My college years and post college years bring back more than Cowboys and Turkey Bowl memories, these are the years where I would spend Thanksgiving at friends’ parents’ houses. Being able to share in other Thanksgiving traditions was impactful. I’m thankful for all the friends who shared their holiday with me. I feel bad for Jeff Froeme though – he was a huge Packer fan. I was a college kid and coached his sons in youth soccer. His wife invited me to their house for Thanksgiving and the Cowboys played the Packers, Jeff was so happy that Troy Aikman and backup Rodney Peete were injured and not playing. It was a very long afternoon for Jeff when third string quarterback Jason Garrett lit the Packers up for 42 points. I can honestly say I had no idea that would happen.
During the first year of my marriage, I learned that not everyone watches football on Thanksgiving. My wife loves the holiday and spends days preparing Thanksgiving dinner. The problem: the Cowboys always play the afternoon game. She has learned to endure my Cowboys during Thanksgiving, and I have learned I married the right woman, because her cooking is amazing! Her turkey is far and away the best I have ever had!
We have a tradition in our house that on your birthday you get to pick whatever you want for dinner. My youngest daughter always chooses dessert for dinner, like cinnamon roll pancakes. My second oldest son chose a Thanksgiving dinner one year for his birthday dinner, even though he was born within a week of Thanksgiving. He was like 7 at the time, so my wife obliged him and made it for him. The funny thing about that dinner was his birthday landed on Ninja Ramirez’s official visit. For those of you who don’t know, Ninja is widely considered the best woman’s soccer player in Minot State history and the best player in the Northern Sun’s history. So, she came to our house for dinner and was super impressed with my wife going all out. She thought it was all being done for her. Who knows maybe she came to Minot State because of my son’s choice for dinner?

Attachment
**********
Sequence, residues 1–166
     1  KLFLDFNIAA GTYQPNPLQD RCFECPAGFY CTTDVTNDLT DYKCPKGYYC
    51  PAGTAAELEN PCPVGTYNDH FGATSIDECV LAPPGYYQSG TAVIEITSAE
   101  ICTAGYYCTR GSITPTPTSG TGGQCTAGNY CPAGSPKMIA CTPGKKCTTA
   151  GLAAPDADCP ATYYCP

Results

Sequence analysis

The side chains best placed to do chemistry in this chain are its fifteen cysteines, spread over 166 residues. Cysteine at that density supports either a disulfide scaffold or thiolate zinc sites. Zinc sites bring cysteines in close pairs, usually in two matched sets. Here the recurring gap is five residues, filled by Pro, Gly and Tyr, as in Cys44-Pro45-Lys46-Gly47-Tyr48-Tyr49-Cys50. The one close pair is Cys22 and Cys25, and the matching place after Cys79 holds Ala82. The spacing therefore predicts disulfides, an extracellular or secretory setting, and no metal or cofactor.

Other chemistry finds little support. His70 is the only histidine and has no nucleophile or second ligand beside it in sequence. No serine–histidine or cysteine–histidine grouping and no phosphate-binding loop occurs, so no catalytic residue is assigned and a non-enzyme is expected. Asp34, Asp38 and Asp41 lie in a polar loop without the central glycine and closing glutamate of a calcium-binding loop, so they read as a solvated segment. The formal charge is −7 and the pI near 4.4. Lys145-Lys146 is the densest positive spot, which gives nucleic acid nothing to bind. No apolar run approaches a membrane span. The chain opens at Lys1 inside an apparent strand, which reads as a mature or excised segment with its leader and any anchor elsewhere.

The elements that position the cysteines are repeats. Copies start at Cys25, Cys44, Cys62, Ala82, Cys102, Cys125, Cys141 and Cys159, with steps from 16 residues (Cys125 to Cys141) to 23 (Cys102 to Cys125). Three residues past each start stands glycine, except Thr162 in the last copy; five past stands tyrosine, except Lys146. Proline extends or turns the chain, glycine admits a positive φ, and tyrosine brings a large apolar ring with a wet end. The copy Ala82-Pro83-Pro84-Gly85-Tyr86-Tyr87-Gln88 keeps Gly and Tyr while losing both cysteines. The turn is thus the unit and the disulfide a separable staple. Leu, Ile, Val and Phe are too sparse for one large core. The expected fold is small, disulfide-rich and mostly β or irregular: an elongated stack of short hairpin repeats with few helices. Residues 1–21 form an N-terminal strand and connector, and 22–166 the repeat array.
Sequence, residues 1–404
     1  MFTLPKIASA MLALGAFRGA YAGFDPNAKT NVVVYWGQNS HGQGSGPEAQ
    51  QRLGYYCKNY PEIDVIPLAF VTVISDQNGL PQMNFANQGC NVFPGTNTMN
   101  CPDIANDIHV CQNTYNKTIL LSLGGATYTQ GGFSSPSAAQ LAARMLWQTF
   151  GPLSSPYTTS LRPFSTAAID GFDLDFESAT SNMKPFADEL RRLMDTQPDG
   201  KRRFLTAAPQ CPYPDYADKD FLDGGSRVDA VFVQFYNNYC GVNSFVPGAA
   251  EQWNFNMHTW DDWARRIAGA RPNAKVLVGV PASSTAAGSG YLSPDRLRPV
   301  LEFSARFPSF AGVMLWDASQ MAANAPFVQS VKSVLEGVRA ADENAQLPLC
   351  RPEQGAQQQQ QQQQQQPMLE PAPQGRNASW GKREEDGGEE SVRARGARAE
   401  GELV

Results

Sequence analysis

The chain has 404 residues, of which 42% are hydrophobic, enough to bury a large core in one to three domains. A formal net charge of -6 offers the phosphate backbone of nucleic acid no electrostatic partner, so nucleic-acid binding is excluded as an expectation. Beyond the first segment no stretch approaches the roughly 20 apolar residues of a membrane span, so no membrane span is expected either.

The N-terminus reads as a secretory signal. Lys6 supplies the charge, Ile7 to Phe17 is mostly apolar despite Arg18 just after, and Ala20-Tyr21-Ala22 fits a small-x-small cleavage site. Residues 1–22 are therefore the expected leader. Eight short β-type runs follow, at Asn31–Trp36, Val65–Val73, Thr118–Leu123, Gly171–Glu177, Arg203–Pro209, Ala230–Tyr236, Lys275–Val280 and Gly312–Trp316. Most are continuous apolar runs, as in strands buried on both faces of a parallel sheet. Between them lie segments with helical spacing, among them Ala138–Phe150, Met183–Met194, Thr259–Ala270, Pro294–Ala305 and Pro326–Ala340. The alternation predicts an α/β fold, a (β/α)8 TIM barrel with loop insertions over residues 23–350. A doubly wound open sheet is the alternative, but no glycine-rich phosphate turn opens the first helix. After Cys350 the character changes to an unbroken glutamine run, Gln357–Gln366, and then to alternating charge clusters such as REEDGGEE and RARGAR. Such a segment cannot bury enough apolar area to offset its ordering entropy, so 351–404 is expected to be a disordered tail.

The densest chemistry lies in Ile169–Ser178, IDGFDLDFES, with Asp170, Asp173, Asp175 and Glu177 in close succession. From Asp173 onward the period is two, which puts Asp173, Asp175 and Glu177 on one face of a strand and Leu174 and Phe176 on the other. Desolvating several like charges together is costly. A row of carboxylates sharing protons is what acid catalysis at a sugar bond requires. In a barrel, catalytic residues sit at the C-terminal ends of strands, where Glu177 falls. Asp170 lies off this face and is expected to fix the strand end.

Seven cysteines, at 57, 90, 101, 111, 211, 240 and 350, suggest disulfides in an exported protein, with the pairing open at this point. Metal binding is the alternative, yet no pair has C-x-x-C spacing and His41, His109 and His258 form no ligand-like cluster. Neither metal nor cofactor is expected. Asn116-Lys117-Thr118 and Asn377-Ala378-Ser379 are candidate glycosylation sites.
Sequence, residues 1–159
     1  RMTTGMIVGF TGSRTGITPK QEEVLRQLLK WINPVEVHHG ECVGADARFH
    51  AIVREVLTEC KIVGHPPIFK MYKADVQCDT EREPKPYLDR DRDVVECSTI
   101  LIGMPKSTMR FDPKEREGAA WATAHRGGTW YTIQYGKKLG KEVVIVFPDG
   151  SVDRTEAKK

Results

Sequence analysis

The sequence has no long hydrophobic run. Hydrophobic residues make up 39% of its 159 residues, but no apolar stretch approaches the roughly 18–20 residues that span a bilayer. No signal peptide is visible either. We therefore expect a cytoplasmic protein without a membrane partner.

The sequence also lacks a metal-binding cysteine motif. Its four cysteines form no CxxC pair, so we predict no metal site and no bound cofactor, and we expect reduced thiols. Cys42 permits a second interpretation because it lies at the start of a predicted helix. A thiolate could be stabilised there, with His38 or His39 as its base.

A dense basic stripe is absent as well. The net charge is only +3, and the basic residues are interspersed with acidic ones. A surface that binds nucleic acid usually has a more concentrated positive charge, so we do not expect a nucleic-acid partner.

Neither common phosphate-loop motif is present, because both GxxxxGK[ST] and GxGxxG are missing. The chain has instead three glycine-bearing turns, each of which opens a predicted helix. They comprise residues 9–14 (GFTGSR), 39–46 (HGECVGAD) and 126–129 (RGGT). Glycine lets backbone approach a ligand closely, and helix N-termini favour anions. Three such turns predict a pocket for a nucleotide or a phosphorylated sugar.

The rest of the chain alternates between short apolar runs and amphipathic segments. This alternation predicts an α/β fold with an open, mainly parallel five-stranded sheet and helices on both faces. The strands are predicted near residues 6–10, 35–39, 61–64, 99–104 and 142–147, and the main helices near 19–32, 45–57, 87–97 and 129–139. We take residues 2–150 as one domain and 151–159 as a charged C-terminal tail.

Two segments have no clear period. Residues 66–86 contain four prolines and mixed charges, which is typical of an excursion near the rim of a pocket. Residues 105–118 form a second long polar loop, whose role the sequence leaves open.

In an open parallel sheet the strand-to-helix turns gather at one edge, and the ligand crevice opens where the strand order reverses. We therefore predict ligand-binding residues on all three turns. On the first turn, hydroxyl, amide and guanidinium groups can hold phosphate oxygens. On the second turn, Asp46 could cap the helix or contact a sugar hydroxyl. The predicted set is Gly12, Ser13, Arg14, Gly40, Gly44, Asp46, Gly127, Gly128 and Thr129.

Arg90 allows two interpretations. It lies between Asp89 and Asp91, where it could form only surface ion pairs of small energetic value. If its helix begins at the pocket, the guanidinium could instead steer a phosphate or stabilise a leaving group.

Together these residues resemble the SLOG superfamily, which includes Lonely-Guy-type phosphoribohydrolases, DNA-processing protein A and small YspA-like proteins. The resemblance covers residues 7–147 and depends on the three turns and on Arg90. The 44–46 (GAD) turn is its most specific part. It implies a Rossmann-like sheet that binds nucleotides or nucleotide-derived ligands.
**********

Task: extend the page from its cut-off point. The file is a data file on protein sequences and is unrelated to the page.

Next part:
I am so thankful for all my Thanksgiving Day memories. This past year I got sick with COVID, and it changed my perspective on life. I wish I had not taken those memories for granted at the time. I miss my friends from my childhood and the members of the community which helped raise me. The phrase “it takes a village” must have been coined about me. I do believe the people of Herald, California, loved me and helped shape me into who I am. I miss my grandparents but am thankful for the legacy they have left behind: the tireless work ethic that my papa passed to my father and now to me. I remember my papa’s last moments on Earth, he told my nana, “I’m sorry for being such a burden all these years, I’m sorry you had to take care of me.” She responded with, “It has been an honor.” I hope that I will be a fraction of the man he was. I am thankful for the lessons he taught me, and I wish I would have listened to more of them. I am thankful for my parents and all that they sacrificed for me. My mother has taught me to be loyal and love unconditionally, my father has taught me discipline, work ethic, and to show up. I wish that I would have listened more and was better prepared to be a husband and father. I am thankful for my kiddos, and I hope to enjoy many Thanksgivings with them and in the VERY not near future with my grandkids. Most of all I am thankful for my wife, just thankful there is someone willing to be my wife! Just kidding. Kind of. But thankful for all the hours of love she puts into our marriage and into raising our children. I always say it’s a war between me and my kids for time with my wife. She balances the time for us all so well. I fear she leaves time for herself out.